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Getting to the root of chemical hair relaxing

Is a Solution for:
Dry or Brittle Hair, Limp Hair, Dull Hair
Reviewed by Copley October 12, 2009 15 Comments
Chris Rock has been making the rounds to promote his new documentary "Good Hair," about the seriously complicated hair care customs of the African-American community. His film delves into the $9-billion industry that has evolved around this culture's attainment of the "European" look, since the natural nappy look just isn't cutting it. According to some reviews, the most entertaining aspect of "Good Hair" is its investigation of the history and practice of hair relaxers, which commonly use sodium hydroxide. After wowing us with its power to coax tight, kinky hair into long, luxuriant tresses, the film shows sodium hydroxide burning a hole through a raw chicken carcass and completely disintegrating an aluminum can that had soaked in a sodium hydroxide solution for several hours.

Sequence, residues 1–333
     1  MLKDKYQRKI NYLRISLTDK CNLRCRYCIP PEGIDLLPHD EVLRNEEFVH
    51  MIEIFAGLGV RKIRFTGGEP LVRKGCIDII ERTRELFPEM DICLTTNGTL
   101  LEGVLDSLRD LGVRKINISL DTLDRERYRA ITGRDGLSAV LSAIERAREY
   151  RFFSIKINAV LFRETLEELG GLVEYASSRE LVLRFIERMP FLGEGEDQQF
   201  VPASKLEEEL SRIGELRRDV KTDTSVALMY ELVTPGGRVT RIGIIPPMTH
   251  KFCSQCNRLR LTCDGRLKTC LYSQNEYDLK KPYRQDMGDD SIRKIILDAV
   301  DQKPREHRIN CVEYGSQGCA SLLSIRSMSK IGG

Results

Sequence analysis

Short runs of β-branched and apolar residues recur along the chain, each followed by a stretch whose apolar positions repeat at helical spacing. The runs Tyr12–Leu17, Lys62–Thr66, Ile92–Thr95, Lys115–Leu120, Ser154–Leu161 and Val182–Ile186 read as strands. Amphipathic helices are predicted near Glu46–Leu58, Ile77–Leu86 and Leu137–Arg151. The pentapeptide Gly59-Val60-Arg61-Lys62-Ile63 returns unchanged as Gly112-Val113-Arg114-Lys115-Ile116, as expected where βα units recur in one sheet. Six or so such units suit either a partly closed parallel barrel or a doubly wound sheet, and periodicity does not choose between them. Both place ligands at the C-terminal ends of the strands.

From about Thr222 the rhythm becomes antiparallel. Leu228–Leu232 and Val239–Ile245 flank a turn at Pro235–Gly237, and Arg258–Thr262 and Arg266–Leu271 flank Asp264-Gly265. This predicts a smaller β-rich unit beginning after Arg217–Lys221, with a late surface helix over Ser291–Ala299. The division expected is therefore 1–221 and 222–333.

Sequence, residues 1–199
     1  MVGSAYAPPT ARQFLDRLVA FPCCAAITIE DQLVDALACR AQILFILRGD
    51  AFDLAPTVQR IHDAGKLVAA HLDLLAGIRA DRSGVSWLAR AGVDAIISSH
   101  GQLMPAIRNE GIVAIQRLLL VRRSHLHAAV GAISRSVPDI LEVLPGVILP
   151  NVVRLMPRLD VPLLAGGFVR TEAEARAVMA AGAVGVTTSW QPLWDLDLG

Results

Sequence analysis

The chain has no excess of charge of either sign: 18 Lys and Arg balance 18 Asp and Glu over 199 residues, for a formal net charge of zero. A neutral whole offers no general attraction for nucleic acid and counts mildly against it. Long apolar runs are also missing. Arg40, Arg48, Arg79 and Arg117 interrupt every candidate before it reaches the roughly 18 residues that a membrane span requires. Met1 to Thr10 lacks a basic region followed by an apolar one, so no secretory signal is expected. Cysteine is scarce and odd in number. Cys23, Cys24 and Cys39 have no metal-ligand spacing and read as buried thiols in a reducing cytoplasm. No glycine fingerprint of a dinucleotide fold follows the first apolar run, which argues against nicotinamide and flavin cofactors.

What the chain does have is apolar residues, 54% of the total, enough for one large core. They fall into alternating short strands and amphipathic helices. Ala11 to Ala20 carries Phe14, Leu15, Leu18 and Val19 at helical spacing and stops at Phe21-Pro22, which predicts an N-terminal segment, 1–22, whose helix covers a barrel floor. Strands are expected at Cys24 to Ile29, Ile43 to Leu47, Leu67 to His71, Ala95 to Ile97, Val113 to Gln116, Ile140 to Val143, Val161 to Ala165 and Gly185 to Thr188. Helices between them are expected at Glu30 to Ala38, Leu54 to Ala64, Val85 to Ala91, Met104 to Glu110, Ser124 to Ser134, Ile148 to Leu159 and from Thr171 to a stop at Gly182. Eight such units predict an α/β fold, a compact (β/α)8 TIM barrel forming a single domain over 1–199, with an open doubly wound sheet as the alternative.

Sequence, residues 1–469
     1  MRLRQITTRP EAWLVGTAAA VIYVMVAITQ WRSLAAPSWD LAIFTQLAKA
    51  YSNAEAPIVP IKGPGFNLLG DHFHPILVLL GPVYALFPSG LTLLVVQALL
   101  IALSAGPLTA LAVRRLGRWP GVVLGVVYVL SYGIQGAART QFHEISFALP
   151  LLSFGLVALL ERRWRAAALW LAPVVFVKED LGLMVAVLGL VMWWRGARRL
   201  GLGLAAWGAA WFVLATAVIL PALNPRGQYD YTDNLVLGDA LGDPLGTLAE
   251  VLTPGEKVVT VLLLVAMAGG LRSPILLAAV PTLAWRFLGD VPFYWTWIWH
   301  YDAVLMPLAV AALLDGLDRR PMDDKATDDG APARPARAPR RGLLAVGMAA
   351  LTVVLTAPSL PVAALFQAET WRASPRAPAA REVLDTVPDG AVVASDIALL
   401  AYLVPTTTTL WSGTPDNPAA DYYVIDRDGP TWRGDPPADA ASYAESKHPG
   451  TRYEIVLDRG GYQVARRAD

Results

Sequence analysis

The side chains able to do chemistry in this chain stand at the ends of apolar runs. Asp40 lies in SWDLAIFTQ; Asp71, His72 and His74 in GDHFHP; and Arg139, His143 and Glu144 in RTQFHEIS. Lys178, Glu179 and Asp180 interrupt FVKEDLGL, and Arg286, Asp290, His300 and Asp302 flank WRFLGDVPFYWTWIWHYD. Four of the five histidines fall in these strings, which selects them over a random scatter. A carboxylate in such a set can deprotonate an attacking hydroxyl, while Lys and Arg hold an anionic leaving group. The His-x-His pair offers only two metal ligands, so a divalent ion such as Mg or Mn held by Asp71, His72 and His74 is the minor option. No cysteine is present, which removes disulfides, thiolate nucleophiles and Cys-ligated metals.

The chemical process of hair relaxing is no laughing matter. Hair breakage, hair thinning, hair loss, scalp irritation, and scalp damage are just some of the lovely side effects that accompany years of relaxing hair. Unlike products that promise to temporarily tame curls, the process of chemically straightening hair transforms the basic structure of each strand. The chemicals used in relaxers penetrate into the cortical layer, which is what gives curly hair its shape, and break the cross-bonds. In loosening the natural curl pattern, relaxing chemicals thus splinter hair's strength and elasticity. The process is irreversible.

Sodium hydroxide, a caustic chemical with a high alkaline content is the very same ingredient found in drain cleaners. While sodium hydroxide is the most popular and most potent type of chemical relaxer, guanidine hydroxide and ammonium thioglycolate are other options. Commonly referred to as the "no-lye" relaxer, guanidine hydroxide tends to be less damaging, relatively speaking. Ammonium thioglycolate, nicknamed "thio relaxer," reacts differently by softening and relaxing curly hair through changes to the hair's cystine linkage. No matter which version is used, all types of chemical processing can erode the hair and damage the cuticle.